IDEAS home Printed from https://ideas.repec.org/
MyIDEAS: Log in (now much improved!) to save this paper

Education, Genre et Transferts de fonds des migrants: Quelles interactions dans le Maroc rural ?
[Education, Gender and Remittances: What interactions in rural Morocco?]

Listed author(s):
  • Bouoiyour, Jamal
  • Miftah, Amal

In this paper, we analyze the relationship between remittances and educational attainment in Morocco. We investigate how recipient households in Morocco decide to send their children to school.. We use newly survey data on the Souss-Massa-Draa region. Based on probit and instrumental variables estimates to control for endogeneity of remittances, we find a positive effect of remittances on the investments in education, especially for boys. Furthermore, the results show that family and community characteristics such as the level of parental education, the number of children enrolled in the household and the ICDH have a significant impact on the ability of households to support their children's education. They also show the importance of the child's sex in the educational success.

If you experience problems downloading a file, check if you have the proper application to view it first. In case of further problems read the IDEAS help page. Note that these files are not on the IDEAS site. Please be patient as the files may be large.

File URL: https://mpra.ub.uni-muenchen.de/57051/1/MPRA_paper_57051.pdf
File Function: original version
Download Restriction: no

Paper provided by University Library of Munich, Germany in its series MPRA Paper with number 57051.

as
in new window

Length:
Date of creation: Mar 2014
Handle: RePEc:pra:mprapa:57051
Contact details of provider: Postal:
Ludwigstraße 33, D-80539 Munich, Germany

Phone: +49-(0)89-2180-2459
Fax: +49-(0)89-2180-992459
Web page: https://mpra.ub.uni-muenchen.de

More information through EDIRC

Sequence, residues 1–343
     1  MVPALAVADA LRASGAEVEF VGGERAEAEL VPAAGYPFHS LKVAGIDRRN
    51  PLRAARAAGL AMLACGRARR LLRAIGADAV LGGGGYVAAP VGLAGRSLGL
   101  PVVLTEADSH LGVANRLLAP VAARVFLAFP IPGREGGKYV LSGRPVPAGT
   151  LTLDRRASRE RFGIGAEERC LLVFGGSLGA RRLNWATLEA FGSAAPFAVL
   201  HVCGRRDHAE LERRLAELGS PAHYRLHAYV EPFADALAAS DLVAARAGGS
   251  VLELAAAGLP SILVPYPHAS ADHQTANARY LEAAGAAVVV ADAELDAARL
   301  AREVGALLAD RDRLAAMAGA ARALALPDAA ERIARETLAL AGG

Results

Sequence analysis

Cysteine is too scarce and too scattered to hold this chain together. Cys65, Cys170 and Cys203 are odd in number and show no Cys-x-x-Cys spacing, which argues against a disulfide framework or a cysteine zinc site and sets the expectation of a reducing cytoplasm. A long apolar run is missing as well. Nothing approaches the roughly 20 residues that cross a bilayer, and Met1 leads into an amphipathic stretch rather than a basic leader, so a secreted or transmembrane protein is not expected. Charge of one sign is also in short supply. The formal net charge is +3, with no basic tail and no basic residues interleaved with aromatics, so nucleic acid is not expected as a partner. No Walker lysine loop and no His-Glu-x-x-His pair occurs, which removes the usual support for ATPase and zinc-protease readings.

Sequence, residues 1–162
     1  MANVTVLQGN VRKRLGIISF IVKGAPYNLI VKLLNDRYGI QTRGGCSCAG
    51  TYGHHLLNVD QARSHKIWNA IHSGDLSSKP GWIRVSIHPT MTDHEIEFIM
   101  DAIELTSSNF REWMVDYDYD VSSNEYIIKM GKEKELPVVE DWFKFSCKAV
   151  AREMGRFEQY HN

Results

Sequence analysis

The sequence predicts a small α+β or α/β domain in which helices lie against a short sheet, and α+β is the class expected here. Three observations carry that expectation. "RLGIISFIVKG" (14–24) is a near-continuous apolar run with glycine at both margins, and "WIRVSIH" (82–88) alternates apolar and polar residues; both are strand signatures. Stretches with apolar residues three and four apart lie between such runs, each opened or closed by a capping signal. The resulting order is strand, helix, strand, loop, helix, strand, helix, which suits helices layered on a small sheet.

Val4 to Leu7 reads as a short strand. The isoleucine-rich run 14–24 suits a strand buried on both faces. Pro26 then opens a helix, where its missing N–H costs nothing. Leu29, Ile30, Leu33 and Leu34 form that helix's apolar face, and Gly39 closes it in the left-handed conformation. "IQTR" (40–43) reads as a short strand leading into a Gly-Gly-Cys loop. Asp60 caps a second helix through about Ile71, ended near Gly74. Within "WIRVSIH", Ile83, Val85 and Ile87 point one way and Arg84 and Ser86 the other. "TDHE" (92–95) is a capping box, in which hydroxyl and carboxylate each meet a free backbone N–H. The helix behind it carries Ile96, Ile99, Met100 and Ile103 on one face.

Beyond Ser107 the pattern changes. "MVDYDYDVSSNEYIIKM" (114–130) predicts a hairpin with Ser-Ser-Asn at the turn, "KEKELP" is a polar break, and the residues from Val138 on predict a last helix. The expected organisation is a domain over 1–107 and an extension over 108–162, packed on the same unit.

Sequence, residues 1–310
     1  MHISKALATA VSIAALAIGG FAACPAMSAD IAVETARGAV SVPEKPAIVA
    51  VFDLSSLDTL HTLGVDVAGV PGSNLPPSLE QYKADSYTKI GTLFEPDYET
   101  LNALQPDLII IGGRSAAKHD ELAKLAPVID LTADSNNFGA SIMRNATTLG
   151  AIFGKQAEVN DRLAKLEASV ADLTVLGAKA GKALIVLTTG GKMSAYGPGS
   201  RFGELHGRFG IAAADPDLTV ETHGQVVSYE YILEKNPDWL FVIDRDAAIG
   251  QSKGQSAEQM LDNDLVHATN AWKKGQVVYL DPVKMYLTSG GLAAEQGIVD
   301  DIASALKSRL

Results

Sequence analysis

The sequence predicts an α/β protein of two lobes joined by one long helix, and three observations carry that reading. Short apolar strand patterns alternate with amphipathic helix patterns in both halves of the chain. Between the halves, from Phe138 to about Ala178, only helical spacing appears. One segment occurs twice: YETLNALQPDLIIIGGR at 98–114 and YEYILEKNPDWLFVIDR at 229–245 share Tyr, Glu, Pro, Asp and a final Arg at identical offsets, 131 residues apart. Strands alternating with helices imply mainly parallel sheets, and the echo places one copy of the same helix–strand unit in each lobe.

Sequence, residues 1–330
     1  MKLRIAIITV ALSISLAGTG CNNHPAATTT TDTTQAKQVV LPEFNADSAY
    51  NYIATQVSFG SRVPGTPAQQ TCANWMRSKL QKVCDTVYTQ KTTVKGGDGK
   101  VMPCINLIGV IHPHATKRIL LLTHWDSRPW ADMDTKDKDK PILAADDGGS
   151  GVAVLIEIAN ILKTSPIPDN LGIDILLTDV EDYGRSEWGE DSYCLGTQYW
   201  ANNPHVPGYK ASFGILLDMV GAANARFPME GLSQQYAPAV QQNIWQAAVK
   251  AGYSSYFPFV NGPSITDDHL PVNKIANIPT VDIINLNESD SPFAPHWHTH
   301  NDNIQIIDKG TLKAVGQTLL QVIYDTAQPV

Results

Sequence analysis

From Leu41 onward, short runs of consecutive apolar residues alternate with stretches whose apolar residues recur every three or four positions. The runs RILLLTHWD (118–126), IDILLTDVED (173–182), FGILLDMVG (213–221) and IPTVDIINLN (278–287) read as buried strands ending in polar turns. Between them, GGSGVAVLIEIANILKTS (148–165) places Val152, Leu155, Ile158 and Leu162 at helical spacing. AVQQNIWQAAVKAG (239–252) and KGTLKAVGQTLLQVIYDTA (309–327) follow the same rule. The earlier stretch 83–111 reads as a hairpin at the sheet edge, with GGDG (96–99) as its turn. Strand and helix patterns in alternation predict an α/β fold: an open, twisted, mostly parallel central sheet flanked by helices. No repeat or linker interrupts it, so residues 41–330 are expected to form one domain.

References listed on IDEAS
Please report citation or reference errors to , or , if you are the registered author of the cited work, log in to your RePEc Author Service profile, click on "citations" and make appropriate adjustments.:

as
in new window


  1. Delphine Boutin, 2011. "Envoi de fonds et allocation du temps des enfants au Niger : L'effet indirect des chocs négatifs," Working Papers hal-00637607, HAL.
  2. Delphine Boutin, 2011. "Envoi de fonds et allocation du temps des enfants au Niger : L’effet indirect des chocs négatifs," Larefi Working Papers 1105, Larefi, Université Bordeaux 4.
  3. Calero, Carla & Bedi, Arjun S. & Sparrow, Robert, 2009. "Remittances, Liquidity Constraints and Human Capital Investments in Ecuador," World Development, Elsevier, vol. 37(6), pages 1143-1154, June.
  4. Rapoport, Hillel & Docquier, Frederic, 2006. "The Economics of Migrants' Remittances," Handbook on the Economics of Giving, Reciprocity and Altruism, Elsevier.
  5. repec:dau:papers:123456789/11242 is not listed on IDEAS
  6. David McKenzie & Hillel Rapoport, 2011. "Can migration reduce educational attainment? Evidence from Mexico," Journal of Population Economics, Springer;European Society for Population Economics, vol. 24(4), pages 1331-1358, October.